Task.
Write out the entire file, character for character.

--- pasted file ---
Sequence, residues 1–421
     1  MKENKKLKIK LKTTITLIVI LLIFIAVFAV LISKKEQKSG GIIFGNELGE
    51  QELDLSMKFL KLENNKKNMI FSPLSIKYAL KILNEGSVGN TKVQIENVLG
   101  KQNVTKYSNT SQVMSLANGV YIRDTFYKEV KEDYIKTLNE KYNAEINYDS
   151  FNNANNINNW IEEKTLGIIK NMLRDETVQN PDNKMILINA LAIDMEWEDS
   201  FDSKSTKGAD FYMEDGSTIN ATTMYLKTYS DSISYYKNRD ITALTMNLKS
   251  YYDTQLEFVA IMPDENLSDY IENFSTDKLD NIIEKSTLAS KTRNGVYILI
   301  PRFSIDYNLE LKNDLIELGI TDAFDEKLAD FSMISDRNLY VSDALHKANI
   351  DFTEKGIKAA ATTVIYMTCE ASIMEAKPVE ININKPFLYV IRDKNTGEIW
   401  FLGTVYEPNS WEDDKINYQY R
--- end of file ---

Sequence, residues 1–421
     1  MKENKKLKIK LKTTITLIVI LLIFIAVFAV LISKKEQKSG GIIFGNELGE
    51  QELDLSMKFL KLENNKKNMI FSPLSIKYAL KILNEGSVGN TKVQIENVLG
   101  KQNVTKYSNT SQVMSLANGV YIRDTFYKEV KEDYIKTLNE KYNAEINYDS
   151  FNNANNINNW IEEKTLGIIK NMLRDETVQN PDNKMILINA LAIDMEWEDS
   201  FDSKSTKGAD FYMEDGSTIN ATTMYLKTYS DSISYYKNRD ITALTMNLKS
   251  YYDTQLEFVA IMPDENLSDY IENFSTDKLD NIIEKSTLAS KTRNGVYILI
   301  PRFSIDYNLE LKNDLIELGI TDAFDEKLAD FSMISDRNLY VSDALHKANI
   351  DFTEKGIKAA ATTVIYMTCE ASIMEAKPVE ININKPFLYV IRDKNTGEIW
   401  FLGTVYEPNS WEDDKINYQY R